Paul Scholes column: The more Jose Mourinho attempts to influence match officials, the more they are likely to ignore him

Paul Scholes column

The more Jose Mourinho attempts to influence match officials, the more they are likely to ignore him
Frank Warren column: No cigar, but pots of money: here come the Cubans

Frank Warren's Ringside

No cigar, but pots of money: here come the Cubans
Isis hostage crisis: Militant group stands strong as its numerous enemies fail to find a common plan to defeat it

Isis stands strong as its numerous enemies fail to find a common plan to defeat it

The jihadis are being squeezed militarily and economically, but there is no sign of an implosion, says Patrick Cockburn
Virtual reality thrusts viewers into the frontline of global events - and puts film-goers at the heart of the action

Virtual reality: Seeing is believing

Virtual reality thrusts viewers into the frontline of global events - and puts film-goers at the heart of the action
Homeless Veterans appeal: MP says Coalition ‘not doing enough’

Homeless Veterans appeal

MP says Coalition ‘not doing enough’ to help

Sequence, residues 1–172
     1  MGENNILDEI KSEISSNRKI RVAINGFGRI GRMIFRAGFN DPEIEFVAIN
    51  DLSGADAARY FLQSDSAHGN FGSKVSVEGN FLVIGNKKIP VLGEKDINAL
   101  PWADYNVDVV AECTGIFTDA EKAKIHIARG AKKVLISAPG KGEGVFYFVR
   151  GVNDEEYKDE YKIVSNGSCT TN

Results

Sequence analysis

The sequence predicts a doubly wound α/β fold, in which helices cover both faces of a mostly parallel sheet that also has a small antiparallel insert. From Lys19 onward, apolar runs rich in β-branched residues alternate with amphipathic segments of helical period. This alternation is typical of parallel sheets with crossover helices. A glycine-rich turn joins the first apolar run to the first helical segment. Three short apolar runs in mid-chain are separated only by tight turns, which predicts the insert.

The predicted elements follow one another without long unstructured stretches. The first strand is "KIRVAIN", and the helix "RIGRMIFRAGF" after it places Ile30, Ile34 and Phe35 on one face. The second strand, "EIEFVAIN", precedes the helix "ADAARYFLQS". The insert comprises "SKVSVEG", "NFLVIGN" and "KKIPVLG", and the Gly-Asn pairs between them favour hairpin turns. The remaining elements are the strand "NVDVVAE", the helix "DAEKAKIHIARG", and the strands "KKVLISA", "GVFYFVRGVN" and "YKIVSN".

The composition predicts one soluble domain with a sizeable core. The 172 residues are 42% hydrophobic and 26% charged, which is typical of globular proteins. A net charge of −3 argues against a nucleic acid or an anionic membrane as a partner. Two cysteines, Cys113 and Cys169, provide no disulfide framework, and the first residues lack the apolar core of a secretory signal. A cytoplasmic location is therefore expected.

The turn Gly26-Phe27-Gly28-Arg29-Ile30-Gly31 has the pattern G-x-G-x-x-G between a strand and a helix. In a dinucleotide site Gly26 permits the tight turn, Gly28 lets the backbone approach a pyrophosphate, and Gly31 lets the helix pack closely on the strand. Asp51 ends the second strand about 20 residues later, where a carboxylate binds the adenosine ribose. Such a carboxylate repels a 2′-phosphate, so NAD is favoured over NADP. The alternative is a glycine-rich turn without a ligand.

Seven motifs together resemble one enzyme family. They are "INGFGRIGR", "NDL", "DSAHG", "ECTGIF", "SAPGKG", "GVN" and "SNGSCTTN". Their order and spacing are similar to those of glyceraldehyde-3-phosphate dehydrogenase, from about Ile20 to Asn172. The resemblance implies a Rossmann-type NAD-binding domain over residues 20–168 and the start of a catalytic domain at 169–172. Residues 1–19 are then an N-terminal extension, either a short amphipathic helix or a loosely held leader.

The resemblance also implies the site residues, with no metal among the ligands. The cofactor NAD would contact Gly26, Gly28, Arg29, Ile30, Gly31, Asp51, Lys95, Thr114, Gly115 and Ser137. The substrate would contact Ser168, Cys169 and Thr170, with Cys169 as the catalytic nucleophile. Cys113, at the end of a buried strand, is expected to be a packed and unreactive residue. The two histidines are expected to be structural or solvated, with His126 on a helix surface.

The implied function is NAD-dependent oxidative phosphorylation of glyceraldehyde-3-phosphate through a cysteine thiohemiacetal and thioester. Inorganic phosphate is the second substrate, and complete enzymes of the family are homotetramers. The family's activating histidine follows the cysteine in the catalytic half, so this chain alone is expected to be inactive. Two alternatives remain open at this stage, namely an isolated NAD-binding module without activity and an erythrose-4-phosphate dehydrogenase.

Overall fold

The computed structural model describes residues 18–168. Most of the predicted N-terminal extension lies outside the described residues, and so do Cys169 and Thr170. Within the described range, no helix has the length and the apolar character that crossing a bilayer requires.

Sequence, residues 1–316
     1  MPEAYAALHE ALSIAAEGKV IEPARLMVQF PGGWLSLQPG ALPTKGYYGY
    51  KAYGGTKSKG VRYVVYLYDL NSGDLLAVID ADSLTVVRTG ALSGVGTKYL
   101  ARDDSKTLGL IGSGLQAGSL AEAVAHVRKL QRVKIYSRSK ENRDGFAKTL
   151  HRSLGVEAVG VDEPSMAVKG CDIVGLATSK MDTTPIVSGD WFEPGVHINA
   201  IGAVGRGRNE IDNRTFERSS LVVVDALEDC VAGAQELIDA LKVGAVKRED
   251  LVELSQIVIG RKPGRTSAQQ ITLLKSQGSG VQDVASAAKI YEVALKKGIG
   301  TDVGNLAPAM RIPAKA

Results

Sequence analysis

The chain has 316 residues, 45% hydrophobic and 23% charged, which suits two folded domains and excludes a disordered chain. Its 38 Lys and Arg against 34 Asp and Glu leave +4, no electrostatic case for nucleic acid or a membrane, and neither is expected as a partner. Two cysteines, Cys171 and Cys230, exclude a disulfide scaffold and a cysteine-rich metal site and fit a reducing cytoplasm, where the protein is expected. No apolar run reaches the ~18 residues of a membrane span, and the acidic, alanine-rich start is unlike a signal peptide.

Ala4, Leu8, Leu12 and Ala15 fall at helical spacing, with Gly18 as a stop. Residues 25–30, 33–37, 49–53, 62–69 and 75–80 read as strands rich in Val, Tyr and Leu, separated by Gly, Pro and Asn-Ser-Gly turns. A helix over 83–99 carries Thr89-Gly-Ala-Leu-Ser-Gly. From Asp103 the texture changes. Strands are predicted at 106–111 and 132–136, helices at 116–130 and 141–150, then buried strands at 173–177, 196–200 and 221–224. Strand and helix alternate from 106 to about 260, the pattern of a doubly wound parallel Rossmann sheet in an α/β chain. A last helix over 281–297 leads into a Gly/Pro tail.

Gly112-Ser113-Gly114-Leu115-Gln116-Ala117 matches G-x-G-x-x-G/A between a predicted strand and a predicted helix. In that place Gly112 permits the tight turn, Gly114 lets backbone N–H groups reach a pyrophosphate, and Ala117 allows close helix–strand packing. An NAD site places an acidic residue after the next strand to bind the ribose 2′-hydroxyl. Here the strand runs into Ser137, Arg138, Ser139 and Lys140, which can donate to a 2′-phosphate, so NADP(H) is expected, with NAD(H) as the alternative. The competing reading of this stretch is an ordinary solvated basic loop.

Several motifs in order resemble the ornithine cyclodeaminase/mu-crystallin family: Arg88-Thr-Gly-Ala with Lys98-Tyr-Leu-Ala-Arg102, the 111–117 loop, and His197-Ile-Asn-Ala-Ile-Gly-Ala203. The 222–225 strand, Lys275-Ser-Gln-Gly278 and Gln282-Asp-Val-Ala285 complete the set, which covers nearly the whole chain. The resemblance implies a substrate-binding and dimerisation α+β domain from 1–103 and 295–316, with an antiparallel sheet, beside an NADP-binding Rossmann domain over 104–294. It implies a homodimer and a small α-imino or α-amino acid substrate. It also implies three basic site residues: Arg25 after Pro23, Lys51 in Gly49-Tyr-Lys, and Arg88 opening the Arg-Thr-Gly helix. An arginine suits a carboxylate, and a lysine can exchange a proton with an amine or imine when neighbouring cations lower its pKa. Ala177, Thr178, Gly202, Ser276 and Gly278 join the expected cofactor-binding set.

Larry David, Steve Coogan and other comedians share stories of depression in new documentary

Comedians share stories of depression

The director of the new documentary, Kevin Pollak, tells Jessica Barrett how he got them to talk
Has The Archers lost the plot with it's spicy storylines?

Has The Archers lost the plot?

A growing number of listeners are voicing their discontent over the rural soap's spicy storylines; so loudly that even the BBC's director-general seems worried, says Simon Kelner
English Heritage adds 14 post-war office buildings to its protected lists

14 office buildings added to protected lists

Christopher Beanland explores the underrated appeal of these palaces of pen-pushing